Georgetown Medical Student Club Promotes Awareness for Students Without Documentation

Georgetown University Medical Center students launched a group last fall to raise awareness among medical students and administrators about the experiences of students without documentation.

The group, known as the Deferred Action for Childhood Arrivals and Undocumented Student Awareness Club, plans to educate medical students about the DACA program and their fellow students without documentation. The organization has accumulated 31 members since its creation.

DACA, a program launched by an Obama Administration executive order in 2012, permits some individuals without documentation who entered the country before their 16th birthday to be protected from deportation through a deferral in the deportation process.

Elaine Li (MED ’19), a student without documentation, was born in Hong Kong and immigrated to the United States as a child. Li said undocumented students were often denied entrance into medical schools as well as financial aid before the implementation of DACA.

“When I got the acceptance for Georgetown I was very happy, but at the same time it was quickly replaced by ‘Oh, how am I supposed to afford this?’ I don’t have money, I don’t have federal aid,” Li said.

However, Li said GUMC tried to help with this issue by providing her with institutional loans for which all GUMC students are eligible.

Undocumented Student Adviser Arelis Palacios, whom the university announced Nov. 2016 would replace part-time liaison Cinthya Salazar, said Georgetown is dedicated to providing resources to all students, regardless of legal status.

“This university has been committed to undocumented students for a little bit over a decade, and has been really supportive of students who are wanting to get this education,” Palacios said.

However, Palacios added that despite the university’s resources for students without documentation, their citizenship statuses still add day-to-day pressures.

“The challenges for this population are truly greater than your average student,” Palacios said. “The reality is that most students aren’t worried about being deported, most students aren’t worried about their families being deported, perhaps their families being detained indefinitely.”

Still, Aya De La Rosa (GRD ’20), an executive board member of the student group, said Georgetown can do more to support students without documentation, especially by informing prospective students what resources the university provides.

“They didn’t know you could actually go to graduate school, that you could go to medical school [or that] you could even get financial aid because, for example, at Georgetown it’s not publicized,” De La Rosa said. “They don’t make it public that that’s a thing that happens, but other schools do.”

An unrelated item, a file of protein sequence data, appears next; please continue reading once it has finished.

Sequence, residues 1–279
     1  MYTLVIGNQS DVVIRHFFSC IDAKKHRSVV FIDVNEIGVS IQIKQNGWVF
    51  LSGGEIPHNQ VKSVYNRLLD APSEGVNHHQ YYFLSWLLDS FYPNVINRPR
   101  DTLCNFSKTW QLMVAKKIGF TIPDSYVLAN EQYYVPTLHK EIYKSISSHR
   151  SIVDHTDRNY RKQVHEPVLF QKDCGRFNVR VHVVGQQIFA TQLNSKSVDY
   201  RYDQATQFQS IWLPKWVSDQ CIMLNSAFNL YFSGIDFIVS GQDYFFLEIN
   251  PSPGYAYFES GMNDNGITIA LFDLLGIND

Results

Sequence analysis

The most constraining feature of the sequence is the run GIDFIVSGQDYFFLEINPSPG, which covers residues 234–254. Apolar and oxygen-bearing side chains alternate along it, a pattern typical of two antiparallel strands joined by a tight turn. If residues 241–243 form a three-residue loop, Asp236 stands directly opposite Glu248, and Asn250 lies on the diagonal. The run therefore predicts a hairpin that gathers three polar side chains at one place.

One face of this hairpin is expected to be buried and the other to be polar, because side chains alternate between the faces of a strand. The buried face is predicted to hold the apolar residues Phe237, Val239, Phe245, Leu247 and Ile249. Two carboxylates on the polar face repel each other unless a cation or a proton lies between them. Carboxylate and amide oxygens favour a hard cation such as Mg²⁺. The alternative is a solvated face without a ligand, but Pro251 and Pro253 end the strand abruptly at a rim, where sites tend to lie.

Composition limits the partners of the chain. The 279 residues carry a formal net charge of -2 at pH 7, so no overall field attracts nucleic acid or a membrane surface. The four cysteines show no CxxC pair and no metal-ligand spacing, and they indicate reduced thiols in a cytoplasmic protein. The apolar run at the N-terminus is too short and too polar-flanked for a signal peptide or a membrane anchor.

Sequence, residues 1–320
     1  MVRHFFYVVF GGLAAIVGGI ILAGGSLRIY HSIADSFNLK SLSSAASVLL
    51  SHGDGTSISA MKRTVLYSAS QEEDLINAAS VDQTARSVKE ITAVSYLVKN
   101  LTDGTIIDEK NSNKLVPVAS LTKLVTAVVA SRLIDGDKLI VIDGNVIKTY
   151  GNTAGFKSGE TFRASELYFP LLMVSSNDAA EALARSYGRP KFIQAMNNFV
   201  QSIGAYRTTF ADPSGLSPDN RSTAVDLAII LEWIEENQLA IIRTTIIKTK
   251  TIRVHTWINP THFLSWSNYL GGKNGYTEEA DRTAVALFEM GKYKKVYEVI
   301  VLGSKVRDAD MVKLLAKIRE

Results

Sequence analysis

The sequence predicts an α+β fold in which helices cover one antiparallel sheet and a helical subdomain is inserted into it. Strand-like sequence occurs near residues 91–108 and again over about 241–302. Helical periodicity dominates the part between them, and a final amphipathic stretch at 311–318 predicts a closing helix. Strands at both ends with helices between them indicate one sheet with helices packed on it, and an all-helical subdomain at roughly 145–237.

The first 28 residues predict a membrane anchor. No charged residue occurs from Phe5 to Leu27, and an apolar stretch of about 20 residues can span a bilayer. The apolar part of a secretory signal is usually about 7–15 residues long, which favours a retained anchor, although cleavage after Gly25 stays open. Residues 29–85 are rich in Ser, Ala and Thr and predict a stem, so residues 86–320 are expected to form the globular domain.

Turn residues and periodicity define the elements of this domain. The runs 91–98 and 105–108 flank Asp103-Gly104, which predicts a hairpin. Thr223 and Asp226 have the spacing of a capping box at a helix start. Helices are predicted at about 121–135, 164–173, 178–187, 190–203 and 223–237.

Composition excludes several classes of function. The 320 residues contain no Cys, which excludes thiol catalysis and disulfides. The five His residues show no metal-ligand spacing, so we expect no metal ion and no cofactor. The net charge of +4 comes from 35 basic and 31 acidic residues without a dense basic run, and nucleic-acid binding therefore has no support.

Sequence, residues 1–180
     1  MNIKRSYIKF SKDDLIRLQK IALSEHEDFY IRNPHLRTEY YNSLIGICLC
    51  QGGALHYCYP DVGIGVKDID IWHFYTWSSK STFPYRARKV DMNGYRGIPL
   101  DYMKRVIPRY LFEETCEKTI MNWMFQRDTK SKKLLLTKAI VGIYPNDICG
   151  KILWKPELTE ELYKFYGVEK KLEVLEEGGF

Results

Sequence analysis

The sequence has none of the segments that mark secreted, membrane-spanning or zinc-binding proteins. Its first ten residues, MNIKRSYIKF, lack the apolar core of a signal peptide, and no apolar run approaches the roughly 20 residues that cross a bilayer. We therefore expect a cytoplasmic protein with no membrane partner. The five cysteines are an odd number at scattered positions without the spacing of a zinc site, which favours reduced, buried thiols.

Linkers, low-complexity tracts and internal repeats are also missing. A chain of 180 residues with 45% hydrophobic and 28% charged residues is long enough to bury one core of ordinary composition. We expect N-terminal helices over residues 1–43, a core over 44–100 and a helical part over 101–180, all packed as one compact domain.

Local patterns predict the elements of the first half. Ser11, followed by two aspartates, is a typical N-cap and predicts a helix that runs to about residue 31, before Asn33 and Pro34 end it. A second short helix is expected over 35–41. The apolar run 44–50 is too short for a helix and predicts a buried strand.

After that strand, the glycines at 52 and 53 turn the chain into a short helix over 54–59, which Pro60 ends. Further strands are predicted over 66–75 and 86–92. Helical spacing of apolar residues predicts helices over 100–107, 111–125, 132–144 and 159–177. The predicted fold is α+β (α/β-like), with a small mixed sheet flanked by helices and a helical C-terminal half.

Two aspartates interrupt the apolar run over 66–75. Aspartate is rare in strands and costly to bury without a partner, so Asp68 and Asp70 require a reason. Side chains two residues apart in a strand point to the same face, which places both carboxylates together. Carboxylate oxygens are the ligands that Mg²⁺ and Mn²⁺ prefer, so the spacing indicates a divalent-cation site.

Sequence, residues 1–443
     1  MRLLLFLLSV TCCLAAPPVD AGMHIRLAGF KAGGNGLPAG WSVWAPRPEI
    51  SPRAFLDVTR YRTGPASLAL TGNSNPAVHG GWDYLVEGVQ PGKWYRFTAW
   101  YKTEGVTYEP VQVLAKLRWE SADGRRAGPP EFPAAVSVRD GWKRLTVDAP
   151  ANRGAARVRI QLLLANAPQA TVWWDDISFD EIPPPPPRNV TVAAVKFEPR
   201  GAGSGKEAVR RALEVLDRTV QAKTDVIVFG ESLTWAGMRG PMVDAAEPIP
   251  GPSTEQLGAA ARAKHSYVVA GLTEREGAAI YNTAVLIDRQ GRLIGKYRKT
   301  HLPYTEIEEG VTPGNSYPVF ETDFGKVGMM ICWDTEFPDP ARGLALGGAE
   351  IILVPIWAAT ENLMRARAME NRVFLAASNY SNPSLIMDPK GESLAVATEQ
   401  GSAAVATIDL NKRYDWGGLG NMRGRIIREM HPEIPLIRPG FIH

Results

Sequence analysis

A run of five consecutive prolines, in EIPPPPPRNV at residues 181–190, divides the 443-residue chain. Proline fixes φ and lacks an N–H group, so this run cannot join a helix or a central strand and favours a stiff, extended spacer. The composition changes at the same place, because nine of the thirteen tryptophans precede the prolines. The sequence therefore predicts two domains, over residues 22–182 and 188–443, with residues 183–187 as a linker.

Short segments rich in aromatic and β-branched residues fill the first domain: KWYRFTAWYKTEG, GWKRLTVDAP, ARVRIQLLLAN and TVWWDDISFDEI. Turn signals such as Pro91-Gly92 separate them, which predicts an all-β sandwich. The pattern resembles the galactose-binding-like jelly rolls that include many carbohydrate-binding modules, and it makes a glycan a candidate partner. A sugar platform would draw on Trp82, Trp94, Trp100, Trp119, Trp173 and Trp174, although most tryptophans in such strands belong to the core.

According to Danny Flautero (GRD ’20), another executive board member of the organization, students themselves currently have to reach out to administrators to receive information about receiving financial aid or other information from the GUMC.

“Right now, students have to email the offices directly and say ‘Can I apply? What kinds of resources are there for me?’” Flautero said.

Flautero said the club also aims to share personal stories of struggles faced by students without documentation, especially in light of President Donald Trump’s promises to expand deportations of immigrants without documentation.

Li said the status of DACA and of older family members are a significant concern to club members.

“We have DACA, but our families don’t have [it.] A lot of us right now worry about our parents or adults who couldn’t qualify for DACA,” Li said.

De La Rosa said if Trump were to revoke the DACA program, many medical school graduates would be deported, despite their degrees or residency positions.

“One of the fears that I think I would have, especially now with the current government, is that you’re doing the whole medical school for nothing,” De La Rosa said. “You have DACA status right now — let’s say you finish medical school — but if you don’t have DACA status it might be like you just did medical school for nothing. What do you do after that?”

Flautero said the group has struggled to gain traction during its first few meetings, but is increasing outreach efforts.

“We’ve been a little bit frustrated with some of the turnout at our events. We try to publicize them pretty openly and early on,” Flautero said. “We put a lot of effort in. We’ve had events where like one person has shown up before, and for other events it’s the same people that keep coming, but we feel like we’re not reaching out.”

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